New players be warned: Square has seemingly gone out of their way to make this game inaccessible from the get-go. Monsters are tough, with it often assumed you know how to neutralize their particular exploits, and now randomly attack at a feverish pace (so feverish you might even lose your sense of direction trudging through the underground beneath Baron Castle even though the catacomb is completely intact). Characters arise with little introduction; of course you remember them all, even though the original was released nearly seventeen years ago. You probably bought one of Square’s numerous re-releases capitalizing on what we originally weren’t smart enough for; you don’t need a refresher on Edge’s motivations!

To be fair, I reveled in the tough battles and plodding, dungeon crawl pace. This was how I remembered some of the best, challenging parts of the original. Amazingly, despite the high random battle rate, the pacing of the story is dramatic and hectic as well: Ceodore is attacked on a routine training expedition, King Cecil is possessed, a mysterious girl is after the crystals of light, Cid and Rosa run off on an airship, an enigmatic hooded man becomes Ceodore’s battlemate, Kain goes through yet another identity crisis and begins aiding the mysterious girl, Rydia barely escapes danger, a second moon appears, and more! There is a ton packed into the first eight dollars, so much so you wish Square would stop for a second, reintroduce some backgrounds and motivations and fully develop all the ideas before haphazardly sprinting for the finish line full throttle.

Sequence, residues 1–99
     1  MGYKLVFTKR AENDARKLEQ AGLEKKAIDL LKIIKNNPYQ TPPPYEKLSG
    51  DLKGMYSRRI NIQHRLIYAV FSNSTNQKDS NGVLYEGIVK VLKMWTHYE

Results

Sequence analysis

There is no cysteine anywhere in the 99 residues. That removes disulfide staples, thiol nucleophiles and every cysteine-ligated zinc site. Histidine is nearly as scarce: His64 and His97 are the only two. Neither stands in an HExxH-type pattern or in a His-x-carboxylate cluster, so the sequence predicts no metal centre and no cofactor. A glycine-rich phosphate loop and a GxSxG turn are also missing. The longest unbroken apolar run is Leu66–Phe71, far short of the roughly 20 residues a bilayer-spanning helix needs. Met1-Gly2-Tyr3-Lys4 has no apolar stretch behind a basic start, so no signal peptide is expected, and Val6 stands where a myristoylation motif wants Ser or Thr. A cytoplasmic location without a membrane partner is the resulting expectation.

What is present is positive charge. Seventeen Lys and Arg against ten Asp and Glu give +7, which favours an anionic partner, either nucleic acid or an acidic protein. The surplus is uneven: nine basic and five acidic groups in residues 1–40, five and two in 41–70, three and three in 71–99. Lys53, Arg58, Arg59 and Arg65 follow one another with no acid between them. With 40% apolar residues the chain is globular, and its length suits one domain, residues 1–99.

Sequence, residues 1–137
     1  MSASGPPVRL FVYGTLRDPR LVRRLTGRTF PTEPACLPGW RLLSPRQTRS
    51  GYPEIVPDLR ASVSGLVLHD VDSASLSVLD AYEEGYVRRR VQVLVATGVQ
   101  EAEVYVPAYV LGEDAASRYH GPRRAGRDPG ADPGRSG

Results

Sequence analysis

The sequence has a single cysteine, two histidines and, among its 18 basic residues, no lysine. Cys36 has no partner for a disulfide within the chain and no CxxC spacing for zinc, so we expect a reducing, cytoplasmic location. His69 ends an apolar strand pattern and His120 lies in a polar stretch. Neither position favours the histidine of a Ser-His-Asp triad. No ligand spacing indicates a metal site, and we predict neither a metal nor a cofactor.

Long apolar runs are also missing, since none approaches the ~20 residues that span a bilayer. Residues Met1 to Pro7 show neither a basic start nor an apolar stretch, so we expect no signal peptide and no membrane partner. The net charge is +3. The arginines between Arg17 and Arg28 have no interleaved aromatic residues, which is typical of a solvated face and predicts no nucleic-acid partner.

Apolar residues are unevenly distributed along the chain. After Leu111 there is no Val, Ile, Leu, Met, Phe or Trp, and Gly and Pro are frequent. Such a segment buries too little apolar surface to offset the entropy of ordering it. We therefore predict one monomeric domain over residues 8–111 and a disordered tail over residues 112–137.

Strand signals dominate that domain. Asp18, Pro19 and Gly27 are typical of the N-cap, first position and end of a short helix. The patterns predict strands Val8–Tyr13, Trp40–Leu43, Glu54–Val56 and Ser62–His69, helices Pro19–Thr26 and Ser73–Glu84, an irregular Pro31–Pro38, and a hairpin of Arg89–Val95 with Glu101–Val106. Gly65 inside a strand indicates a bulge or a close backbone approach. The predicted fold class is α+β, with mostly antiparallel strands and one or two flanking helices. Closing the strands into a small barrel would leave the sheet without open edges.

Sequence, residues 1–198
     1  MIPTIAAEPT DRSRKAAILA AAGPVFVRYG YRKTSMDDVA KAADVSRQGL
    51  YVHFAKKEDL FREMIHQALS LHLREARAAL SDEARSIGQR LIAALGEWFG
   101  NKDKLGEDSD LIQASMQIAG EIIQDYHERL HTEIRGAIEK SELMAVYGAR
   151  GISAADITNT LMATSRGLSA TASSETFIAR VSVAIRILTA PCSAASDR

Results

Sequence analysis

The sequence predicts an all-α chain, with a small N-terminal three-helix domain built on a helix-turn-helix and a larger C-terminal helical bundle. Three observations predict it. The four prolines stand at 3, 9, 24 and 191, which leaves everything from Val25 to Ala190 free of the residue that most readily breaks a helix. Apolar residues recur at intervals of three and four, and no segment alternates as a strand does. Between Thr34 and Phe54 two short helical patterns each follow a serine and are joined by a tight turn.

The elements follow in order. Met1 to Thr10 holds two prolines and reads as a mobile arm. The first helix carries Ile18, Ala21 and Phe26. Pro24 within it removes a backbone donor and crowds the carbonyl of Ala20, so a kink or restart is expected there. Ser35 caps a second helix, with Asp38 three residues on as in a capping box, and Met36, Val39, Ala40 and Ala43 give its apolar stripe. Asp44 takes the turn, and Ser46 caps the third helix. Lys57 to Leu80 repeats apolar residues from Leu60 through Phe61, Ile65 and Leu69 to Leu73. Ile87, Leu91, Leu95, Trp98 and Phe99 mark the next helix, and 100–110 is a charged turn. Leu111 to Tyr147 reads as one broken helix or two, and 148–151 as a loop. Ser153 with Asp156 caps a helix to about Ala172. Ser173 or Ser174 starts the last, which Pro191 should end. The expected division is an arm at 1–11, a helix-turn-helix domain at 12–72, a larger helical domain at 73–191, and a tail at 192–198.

They may be telling a great story, but they’re brutalizing it for the sake of cashing in. Not only is the pacing atrocious – I enjoy the constant switching between characters, but can we appreciate their backstory and experiment with tactics for a minute – but the attempt to cash in with installments makes the story all the more painful to watch unfold. The transitions between the fast-moving drama of the game and weeks of waiting for successive installments appear jarring; why? Why can’t I proceed now? Why must I wait weeks, forgetting important plot points that were already brushed over in the pointless need to tell the story in such a brief span of time? Is it really that necessary to tease and withhold at the expense of people that were, you know, actually enjoying parts of the game despite its already obvious learning curve and pacing problems?

Final Fantasy IV, the original, was a fantastic tale butchered by translations, dumbed-down by lead designers that assumed we were an inferior audience, and cashed in on time and time again when they finally gave us the respect (and product) they gave to Japanese audiences from the start. Still, I loved it, with its sympathetic and nuanced characters, its challenging and tactical boss fights and the commitment it required to see to the finished. I thought, for once, with this supposed “fan service,” our loyalty for tolerating the initial missteps, for supporting successive Final Fantasies, and for not letting the legend of this game die would be rewarded.